JACKSON – Lafayette County dominated Saturday when the Mississippi Institute of Arts and Letters feted its 2014 honorees.
William N. “Bill” Beckwith, a Taylor sculptor perhaps best known for his bronze statues of famous Mississippians, was given the Noel Polk Lifetime Achievement Award.
Beckwith, who teaches sculpture and design part-time at the University of Mississippi, has produced bronzes for four decades. He is widely known for his portrait busts and public monuments of such icons as William Faulkner, Elvis Presley, B.B. King, Tennessee Williams, Richard Wright, Eudora Welty, Jefferson Davis, L.Q.C. Lamar, Jim Henson and Coach Margaret Wade.
Originally from Greenville, Beckwith was one of the earliest artists who gave rise to the arts-colony culture of the Village of Taylor, which won the “Governor’s Award of Excellence in the Arts” in 2001. Beckwith earned both bachelor’s and master’s degrees in Fine Arts from Ole Miss and holds a multitude of awards.
His work has been exhibited in Splashlight Studios and Frank Marino Gallery, New York, New York; Mississippi Museum of Art, Jackson; Louisiana World Fair, New Orleans, Louisiana; and the National Museum of American Art, Smithsonian Museum, Washington, D.C. One of his many permanent installations depicts the flagbearer of the doomed 11th Mississippi Infantry Regiment at Gettysburg National Military Park.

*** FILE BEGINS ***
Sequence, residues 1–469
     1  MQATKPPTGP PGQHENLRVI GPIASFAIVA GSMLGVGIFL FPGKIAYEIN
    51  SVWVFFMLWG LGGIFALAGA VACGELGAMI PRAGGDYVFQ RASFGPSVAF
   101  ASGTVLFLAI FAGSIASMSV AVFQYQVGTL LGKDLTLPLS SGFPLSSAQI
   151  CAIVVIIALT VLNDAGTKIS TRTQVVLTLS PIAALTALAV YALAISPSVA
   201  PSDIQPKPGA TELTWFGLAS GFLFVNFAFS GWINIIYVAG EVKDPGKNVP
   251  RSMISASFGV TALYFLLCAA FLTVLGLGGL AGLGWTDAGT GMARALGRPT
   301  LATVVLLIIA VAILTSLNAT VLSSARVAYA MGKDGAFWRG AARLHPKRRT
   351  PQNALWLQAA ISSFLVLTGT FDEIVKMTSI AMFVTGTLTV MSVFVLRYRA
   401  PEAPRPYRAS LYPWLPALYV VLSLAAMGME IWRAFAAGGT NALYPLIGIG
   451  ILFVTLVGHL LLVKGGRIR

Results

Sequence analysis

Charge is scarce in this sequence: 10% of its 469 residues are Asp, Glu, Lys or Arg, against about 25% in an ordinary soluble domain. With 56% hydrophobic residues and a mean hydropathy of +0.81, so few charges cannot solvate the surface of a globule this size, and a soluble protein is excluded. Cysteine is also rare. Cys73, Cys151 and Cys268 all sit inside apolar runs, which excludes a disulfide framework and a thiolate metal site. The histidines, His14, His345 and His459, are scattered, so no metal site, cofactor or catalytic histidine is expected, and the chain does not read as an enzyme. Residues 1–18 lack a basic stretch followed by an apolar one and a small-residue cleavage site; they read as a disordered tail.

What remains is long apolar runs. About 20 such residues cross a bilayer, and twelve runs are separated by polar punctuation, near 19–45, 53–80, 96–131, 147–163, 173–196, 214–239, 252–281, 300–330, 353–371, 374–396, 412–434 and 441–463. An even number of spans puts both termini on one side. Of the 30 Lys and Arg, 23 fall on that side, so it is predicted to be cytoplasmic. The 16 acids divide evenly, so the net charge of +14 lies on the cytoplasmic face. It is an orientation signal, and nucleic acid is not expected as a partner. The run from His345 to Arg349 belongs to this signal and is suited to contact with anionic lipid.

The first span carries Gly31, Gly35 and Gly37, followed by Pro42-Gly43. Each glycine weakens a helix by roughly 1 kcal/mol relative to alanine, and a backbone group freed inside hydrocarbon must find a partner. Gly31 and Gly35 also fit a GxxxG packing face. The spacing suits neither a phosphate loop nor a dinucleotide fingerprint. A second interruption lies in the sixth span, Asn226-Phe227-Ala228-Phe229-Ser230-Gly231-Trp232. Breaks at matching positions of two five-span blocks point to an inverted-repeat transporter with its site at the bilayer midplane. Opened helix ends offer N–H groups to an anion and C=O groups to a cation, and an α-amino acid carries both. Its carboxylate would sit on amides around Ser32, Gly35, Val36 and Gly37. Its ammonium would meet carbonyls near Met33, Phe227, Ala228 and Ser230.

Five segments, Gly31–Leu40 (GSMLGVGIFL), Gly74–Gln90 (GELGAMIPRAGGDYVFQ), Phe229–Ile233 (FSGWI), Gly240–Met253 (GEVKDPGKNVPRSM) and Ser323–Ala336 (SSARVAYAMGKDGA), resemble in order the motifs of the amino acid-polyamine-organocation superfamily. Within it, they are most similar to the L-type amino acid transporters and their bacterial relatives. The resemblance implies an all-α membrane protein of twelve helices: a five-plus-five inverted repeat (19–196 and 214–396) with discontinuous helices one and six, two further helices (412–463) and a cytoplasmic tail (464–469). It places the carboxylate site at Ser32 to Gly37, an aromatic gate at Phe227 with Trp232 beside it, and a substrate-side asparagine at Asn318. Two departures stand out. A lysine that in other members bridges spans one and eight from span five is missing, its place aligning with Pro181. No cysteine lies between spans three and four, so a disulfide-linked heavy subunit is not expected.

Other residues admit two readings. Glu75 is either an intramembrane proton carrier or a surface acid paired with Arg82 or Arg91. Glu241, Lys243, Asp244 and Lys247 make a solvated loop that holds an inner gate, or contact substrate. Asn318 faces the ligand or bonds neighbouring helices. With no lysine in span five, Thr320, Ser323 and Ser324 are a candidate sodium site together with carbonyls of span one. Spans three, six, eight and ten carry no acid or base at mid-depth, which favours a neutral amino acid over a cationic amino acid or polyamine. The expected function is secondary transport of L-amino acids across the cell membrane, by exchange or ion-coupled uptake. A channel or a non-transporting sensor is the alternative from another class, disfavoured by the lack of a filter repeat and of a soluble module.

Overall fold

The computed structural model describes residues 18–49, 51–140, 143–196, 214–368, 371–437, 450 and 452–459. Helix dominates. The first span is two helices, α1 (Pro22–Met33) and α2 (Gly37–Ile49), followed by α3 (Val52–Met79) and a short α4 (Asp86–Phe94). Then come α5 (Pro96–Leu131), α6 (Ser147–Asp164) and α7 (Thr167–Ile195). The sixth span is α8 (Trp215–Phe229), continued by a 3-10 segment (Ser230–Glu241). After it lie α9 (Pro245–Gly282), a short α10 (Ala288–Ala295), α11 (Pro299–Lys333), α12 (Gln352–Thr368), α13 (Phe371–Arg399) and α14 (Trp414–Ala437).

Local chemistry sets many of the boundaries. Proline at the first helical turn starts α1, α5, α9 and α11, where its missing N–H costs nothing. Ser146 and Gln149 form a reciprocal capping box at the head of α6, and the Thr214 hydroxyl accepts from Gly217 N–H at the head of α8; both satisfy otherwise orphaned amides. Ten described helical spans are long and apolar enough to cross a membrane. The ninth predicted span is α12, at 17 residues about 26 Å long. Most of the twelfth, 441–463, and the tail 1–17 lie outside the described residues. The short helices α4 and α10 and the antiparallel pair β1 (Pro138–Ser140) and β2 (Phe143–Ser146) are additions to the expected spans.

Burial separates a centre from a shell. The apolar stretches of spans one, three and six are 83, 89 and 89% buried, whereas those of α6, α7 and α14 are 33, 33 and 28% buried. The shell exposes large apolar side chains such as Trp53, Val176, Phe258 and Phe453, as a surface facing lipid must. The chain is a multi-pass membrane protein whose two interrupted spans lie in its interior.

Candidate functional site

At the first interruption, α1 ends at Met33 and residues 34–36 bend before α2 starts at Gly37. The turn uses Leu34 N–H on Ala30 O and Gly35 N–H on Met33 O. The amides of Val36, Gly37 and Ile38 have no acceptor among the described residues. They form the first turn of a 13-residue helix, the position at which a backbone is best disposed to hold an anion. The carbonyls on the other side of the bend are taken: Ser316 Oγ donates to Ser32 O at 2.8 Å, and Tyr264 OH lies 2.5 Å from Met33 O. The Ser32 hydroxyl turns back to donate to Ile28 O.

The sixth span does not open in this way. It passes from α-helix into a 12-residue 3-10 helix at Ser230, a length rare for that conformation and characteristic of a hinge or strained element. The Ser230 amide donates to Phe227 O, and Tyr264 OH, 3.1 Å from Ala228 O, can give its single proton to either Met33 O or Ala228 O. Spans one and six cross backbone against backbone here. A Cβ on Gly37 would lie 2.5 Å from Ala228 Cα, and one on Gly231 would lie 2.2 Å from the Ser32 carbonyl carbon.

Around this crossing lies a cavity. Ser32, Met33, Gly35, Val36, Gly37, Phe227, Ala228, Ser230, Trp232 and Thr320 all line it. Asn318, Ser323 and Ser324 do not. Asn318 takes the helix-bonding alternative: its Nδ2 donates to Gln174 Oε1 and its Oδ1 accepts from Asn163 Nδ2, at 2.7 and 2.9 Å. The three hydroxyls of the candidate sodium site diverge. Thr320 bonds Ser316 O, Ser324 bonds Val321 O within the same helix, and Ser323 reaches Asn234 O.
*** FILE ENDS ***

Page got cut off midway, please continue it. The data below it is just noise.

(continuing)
Beckwith currently teaches part-time at the University of Mississippi Art Department.
“My fascination with the figure, particularly with the head, grows each day,” he said.
Milly West of Oxford won the award in Photography for her collection, “Cuba for Keeps.”
The Center for the Study of Southern Culture was given the Special Achievement Award for its 24-volume project, “The New Encyclopedia of Southern Culture.” CSSC Director Ted Ownby, Director Emeritus Charles Reagan Wilson, Associate Director Emerita Ann Abadie and Associate Director Jimmy Thomas were present for the award presentation.
Two former John and Renee Grisham Writers-in-Residence at Ole Miss now living elsewhere were also among the MIAL honorees. Jesmyn Ward, who will join the faculty at Tulane University this fall, was presented the Nonfiction Award for “Men We Reaped: A Memoir,” while Steve Yarbrough, professor of writing, literature and publishing at Emerson College, won in the fiction category for his novel, “The Realm of Last Chances.”
Thomas said the Lafayette/Oxford/University community is “doing something right. We’re attracting really talented people to come study here and live here and work here, and we nurture those artistic proclivities. Even the people who have moved on from here to other places would be hard pressed to deny Oxford’s influence on them.”